Race Course Preview: Ironman Wisconsin

Triathlete running down the finish shoot of an Ironman
January 20, 2017

Brad Seng



After competing in 21 Ironman events and 12 years of racing professionally, I am often asked what my favorite race is. Without hesitation, I respond with Ironman Wisconsin. Every Ironman race has its draw of appeal and challenges. For the athlete, IMWI will deliver in both categories. I have raced this event five times with modest success, culminating in several top 10 finishes and a course PB of 8:58. Here are my course insights which I hope you find helpful.

**Weather:** This race has seen varied weather from cold and rainy in the upper 50s to hot and humid in the low 90s and everything in between.

**Swim:** This is a one-loop affair in the typically calm waters of Lake Monona. The average water temp is 70 degrees. The swim course is basically a large rectangle, and there is plenty of room at the start line for athletes to spread out and find clear water if that is more comfortable. The position of the sun may be an issue on the long back stretch of the course as you will likely be swimming into the sunrise. Dark-lensed or mirrored goggles are recommended unless it’s an overcast day. Sighting is fairly straightforward, and you can use the tree line surrounding the lake along with Monona Terrace to aid you. Water visibility is average, so don’t expect to see more than 5-8 feet in front of you. Mentally be prepared for that long back stretch as you will actually swim past the start area and then complete a long horseshoe pattern to bring you to the swim finish area.

**T1:** IMWI has perhaps one of the longest and most unique transitions being housed in Monona Terrace, designed by Frank Lloyd Wright. Expect a longer than normal transition time. Exiting the water, you will run up one of the famed helixes, which is the parking ramp connected to this building. Be prepared to run while going around and around until entering the building. What goes up, must come down. After navigating through transition and mounting your bike, you will cycle down one of the helixes before turning left onto the course. Be patient and navigate this safely. There are no Strava awards being given.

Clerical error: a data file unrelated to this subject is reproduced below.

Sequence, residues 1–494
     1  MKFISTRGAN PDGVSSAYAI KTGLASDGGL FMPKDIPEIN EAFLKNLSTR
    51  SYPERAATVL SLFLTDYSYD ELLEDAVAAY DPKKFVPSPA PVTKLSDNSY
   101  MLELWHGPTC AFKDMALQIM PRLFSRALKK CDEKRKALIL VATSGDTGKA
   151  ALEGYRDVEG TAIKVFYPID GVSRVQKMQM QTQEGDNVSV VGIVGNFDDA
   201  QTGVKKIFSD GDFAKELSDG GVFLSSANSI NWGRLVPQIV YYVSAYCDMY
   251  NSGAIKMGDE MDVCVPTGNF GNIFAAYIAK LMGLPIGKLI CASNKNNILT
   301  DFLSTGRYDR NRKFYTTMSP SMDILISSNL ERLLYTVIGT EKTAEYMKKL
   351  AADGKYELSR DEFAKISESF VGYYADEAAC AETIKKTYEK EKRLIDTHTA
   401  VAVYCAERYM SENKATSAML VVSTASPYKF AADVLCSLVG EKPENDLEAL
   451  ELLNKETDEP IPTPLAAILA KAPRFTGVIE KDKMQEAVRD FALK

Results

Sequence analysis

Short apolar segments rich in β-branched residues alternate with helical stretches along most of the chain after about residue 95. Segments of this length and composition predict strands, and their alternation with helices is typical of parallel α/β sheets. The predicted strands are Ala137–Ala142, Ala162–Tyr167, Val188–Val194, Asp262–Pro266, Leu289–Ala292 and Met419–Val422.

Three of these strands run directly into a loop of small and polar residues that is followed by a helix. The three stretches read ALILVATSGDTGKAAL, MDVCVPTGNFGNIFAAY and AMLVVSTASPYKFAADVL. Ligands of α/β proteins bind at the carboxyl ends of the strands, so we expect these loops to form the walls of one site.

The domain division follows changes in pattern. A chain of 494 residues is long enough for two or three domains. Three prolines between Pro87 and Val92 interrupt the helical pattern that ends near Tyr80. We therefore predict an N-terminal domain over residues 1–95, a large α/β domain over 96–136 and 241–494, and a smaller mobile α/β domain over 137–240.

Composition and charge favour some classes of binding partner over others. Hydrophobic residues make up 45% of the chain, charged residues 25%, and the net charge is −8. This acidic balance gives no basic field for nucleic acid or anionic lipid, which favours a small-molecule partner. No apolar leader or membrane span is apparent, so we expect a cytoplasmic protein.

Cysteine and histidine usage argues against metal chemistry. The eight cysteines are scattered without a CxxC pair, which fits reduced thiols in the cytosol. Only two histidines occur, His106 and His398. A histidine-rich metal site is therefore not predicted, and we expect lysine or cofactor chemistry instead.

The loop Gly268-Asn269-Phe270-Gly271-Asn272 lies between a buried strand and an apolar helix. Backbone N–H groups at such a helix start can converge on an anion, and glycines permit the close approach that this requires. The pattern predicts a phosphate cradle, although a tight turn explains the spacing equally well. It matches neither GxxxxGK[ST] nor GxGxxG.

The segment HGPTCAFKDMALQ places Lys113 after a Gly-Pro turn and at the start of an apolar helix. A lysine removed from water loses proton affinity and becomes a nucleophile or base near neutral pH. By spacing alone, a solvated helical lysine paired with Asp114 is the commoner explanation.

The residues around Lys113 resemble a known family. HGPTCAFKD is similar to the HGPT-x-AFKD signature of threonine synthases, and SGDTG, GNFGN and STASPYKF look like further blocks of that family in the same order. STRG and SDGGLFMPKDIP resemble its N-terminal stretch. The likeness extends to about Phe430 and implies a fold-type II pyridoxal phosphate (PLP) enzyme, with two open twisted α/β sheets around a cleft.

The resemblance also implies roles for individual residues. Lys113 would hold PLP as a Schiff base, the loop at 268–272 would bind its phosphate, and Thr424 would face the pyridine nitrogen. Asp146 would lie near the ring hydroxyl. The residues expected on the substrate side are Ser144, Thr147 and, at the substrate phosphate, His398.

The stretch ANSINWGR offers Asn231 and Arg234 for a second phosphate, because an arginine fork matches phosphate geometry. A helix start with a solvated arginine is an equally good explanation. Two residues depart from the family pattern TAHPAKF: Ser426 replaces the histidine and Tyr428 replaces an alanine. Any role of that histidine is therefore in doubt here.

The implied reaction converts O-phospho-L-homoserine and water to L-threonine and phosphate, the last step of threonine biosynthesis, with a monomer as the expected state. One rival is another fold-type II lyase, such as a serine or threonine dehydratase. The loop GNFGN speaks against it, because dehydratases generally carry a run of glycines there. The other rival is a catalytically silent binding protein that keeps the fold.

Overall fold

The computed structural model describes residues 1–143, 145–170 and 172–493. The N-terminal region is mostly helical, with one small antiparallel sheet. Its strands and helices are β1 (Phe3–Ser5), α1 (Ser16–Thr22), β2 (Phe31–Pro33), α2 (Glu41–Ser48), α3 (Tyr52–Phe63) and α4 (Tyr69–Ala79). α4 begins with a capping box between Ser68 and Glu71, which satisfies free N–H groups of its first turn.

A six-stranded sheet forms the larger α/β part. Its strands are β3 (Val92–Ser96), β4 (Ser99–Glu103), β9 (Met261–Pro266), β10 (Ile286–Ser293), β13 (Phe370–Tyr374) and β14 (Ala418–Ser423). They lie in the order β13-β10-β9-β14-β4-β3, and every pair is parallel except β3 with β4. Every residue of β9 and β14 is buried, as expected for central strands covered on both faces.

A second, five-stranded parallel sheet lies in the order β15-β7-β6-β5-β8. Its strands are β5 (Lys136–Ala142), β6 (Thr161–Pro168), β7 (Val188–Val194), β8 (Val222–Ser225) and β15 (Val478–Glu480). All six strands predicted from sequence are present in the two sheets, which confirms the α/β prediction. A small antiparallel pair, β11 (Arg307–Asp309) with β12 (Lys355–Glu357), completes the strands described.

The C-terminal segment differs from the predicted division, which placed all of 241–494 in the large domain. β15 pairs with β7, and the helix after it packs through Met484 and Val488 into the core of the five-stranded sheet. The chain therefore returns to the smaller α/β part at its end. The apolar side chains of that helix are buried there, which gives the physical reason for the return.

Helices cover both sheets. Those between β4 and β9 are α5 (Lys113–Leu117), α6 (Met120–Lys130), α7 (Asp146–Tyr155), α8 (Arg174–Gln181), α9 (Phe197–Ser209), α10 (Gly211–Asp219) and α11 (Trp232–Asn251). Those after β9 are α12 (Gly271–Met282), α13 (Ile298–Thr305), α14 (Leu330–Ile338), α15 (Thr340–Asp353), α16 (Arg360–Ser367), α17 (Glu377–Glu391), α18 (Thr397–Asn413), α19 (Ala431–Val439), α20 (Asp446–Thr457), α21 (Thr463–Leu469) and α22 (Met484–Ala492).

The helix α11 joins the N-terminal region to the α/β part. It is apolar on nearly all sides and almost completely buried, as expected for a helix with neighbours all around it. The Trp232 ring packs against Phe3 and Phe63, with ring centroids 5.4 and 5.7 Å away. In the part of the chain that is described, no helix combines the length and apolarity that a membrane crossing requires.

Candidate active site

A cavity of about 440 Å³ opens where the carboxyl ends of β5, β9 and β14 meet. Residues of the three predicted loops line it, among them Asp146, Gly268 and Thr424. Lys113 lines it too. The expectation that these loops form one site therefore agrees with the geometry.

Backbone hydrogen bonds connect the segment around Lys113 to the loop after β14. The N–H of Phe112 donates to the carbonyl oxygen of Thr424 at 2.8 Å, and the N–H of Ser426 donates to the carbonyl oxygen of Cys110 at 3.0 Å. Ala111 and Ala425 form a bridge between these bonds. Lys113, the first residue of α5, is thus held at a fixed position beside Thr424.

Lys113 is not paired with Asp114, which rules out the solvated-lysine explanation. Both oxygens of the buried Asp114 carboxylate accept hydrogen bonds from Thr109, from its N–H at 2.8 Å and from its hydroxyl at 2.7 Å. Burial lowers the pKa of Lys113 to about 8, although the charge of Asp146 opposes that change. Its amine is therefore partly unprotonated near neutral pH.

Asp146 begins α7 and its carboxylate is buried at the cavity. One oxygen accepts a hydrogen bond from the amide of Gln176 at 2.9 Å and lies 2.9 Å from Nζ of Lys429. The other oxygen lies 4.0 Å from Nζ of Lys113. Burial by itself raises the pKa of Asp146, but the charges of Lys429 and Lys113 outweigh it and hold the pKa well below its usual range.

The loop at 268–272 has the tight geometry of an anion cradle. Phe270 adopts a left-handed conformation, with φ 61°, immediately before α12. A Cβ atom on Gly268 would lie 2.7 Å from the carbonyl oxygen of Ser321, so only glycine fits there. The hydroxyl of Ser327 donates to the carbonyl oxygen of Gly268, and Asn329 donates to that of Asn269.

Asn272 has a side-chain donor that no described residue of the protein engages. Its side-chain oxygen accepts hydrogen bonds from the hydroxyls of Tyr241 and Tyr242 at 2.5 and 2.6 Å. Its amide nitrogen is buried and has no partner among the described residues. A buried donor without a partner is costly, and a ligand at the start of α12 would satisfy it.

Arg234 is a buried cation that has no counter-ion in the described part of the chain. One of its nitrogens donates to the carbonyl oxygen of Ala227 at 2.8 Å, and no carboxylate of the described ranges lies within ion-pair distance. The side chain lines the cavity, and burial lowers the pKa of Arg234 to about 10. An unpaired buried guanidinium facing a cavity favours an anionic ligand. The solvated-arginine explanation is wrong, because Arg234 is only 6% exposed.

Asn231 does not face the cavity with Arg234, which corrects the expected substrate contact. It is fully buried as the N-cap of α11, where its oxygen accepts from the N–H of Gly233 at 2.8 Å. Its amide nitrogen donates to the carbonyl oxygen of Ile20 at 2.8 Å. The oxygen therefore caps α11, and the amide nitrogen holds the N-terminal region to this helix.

**Bike:** The lollipop-shaped bike course will not disappoint! With slightly over 6,100 feet of elevation gain, you can expect a lot of hills. While no single hill can take you out of the race, the cumulative effect of the rolling terrain combined with a few longer hills is like going 12 rounds in a heavyweight boxing match. Each of the hills is like body blows that start adding up after a while. If you stay true to your race and fueling plans, you will be able to effectively take on this challenging course while preserving your legs for the run. Patience needs to be the overall theme for the day, especially for the first loop.

There is a short stretch early in the bike which will take you onto the bike/jogging path that runs alongside Monona Lake. This is a section where you will be sitting up and need to be patient as it has a few twists and turns before leading you onto a main road taking you out of town. The 16-mile “stick” of the lollipop includes some flat terrain and rolling hills once you get away from Madison. Each loop is 40 miles, and this is the meat of the course.